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Votto 'so annoyed' with early season slump

@m_sheldon
May 10, 2019

SAN FRANCISCO -- When the Reds were no-hit by A’s starter Mike Fiers on Tuesday, Joey Votto came the closest to a hit and showed a glimmer of the kind of swings he wants to take. Votto’s sixth-inning drive to center field was caught at the fence by Ramon Laureano,

SAN FRANCISCO -- When the Reds were no-hit by A’s starter Mike Fiers on Tuesday, Joey Votto came the closest to a hit and showed a glimmer of the kind of swings he wants to take.

Votto’s sixth-inning drive to center field was caught at the fence by Ramon Laureano, possibly robbing him of a home run. It’s part of the 0-for-10 skid he took into Friday’s game vs. the Giants. He had an 0-for-14 stretch to start May and came in slashing a very uncharacteristic .210/.324/.339 line with three homers.

“I’m so annoyed with how I’ve performed from a statistical point of view,” Votto told MLB.com. “Every single part of my game needs to get better, for sure. But I feel like I’m headed in the right direction.”

Manager David Bell has had Votto batting either second or leadoff in all of his starts this season, leaving him fewer runners to drive in. But he hasn’t been able to get on base -- via hits or walks -- to set the table for the middle of the order, either. This is all happening on the heels of a 2018 season that left Votto very disappointed with his personal results.

Votto did not feel hitting coach Turner Ward or assistant hitting coach Donnie Ecker -- both hired to Bell’s staff in the offseason -- have had any negative role with his hitting issues.

“Nothing at all,” Votto said. “My strikeout rate has been too high. I’m not getting enough line drives.”

According to Statcast, Votto’s hard-hit rate is up from previous seasons, at 36.1 percent, while his strikeout rate has also jumped to 23.4 percent. He’s had a higher launch angle -- 16 degrees -- than he’s ever had but hasn’t adopted the uppercut-swing approach many hitters around the league are using to get more lift for fly balls.

“He’s hit the ball hard. He really has,” Bell said. “There’s definitely been a lot of work that goes into it, but he’s been through that before. Just like always, he continues to work at it. He’s looking to make sure he’s not missing anything, any necessary adjustments. Just talking to him, it’s going to come back to what he’s always done. He’s a good frame of mind, for sure.”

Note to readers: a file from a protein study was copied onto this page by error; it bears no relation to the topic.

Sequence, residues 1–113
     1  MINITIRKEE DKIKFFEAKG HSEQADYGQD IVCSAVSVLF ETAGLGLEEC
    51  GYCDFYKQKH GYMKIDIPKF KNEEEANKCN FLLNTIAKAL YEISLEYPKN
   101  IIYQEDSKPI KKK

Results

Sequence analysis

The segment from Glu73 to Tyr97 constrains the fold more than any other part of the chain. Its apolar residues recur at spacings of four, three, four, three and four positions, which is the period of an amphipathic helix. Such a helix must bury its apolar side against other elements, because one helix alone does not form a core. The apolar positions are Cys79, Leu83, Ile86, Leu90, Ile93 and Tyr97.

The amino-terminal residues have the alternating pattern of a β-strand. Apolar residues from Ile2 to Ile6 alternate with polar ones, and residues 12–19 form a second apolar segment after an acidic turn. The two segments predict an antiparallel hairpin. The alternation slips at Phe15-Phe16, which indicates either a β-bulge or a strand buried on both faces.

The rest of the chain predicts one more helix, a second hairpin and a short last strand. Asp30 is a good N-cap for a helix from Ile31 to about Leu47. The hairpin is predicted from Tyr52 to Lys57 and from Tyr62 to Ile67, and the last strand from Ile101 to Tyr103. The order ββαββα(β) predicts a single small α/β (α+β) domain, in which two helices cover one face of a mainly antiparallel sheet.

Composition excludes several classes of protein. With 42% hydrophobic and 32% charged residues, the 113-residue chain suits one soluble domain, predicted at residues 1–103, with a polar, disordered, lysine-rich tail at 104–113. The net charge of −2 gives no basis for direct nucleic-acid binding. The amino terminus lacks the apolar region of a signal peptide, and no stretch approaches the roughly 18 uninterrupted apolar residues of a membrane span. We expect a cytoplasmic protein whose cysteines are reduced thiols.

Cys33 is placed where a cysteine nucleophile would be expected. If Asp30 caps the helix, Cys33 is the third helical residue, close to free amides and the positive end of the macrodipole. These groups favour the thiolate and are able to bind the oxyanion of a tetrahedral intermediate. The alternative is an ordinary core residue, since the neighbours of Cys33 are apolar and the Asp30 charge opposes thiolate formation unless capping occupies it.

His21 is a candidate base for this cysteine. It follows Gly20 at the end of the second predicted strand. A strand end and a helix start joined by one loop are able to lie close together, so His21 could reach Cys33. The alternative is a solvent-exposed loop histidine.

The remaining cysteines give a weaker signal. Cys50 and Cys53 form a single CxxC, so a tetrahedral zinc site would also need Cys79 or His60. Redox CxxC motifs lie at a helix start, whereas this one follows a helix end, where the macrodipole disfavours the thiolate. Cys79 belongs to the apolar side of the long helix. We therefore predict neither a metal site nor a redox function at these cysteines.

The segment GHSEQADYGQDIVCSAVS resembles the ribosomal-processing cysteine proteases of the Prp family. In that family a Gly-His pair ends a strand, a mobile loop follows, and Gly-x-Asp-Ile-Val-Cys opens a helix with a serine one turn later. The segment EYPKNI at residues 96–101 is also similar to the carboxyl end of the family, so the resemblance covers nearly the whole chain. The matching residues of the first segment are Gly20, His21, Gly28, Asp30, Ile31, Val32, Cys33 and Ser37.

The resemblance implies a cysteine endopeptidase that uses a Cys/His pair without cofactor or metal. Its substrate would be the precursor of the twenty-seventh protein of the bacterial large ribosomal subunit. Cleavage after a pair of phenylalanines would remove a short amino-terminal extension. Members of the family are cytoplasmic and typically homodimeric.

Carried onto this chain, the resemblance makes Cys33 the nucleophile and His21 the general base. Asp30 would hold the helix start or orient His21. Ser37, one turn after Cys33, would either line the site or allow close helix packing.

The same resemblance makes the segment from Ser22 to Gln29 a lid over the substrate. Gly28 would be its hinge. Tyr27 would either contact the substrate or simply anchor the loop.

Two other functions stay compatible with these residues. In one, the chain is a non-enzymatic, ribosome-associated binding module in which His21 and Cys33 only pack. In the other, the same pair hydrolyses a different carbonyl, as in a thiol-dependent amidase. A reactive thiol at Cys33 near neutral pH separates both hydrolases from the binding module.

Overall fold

Even when the results are lacking, Votto trusts his process.

“I really like how I’ve swung the bat in May, despite getting very few results,” he said. “Sometimes that’s how the luck goes. I felt I swung the bat very poorly at the very beginning of the year. I started transitioning to what I feel is an everyday, repeatable approach.”

Bell returns to San Francisco

Bell was managing a game at Oracle Park for the first time and it was a chance to catch up with some people with the Giants. He was that club’s director of player development last season.

During his 12-year playing career, Bell only spent one season (2002) in San Francisco. It was a special one as the Giants reached the World Series and lost in seven games to the Angels.

“I saw quite a few people I worked with last year, a couple of guys from the office. This has always been a really special place, just playing here the one [season] and I had a great experience,” Bell said. “Working here for a year gave me a great opportunity last year. There’s a lot of people here I’m close to and I appreciate. It’s been good to be here and see some of the people I worked with.”

Mark Sheldon has covered the Reds for MLB.com since 2006, and previously covered the Twins from 2001-05. Follow him on Twitter @m_sheldon and Facebook.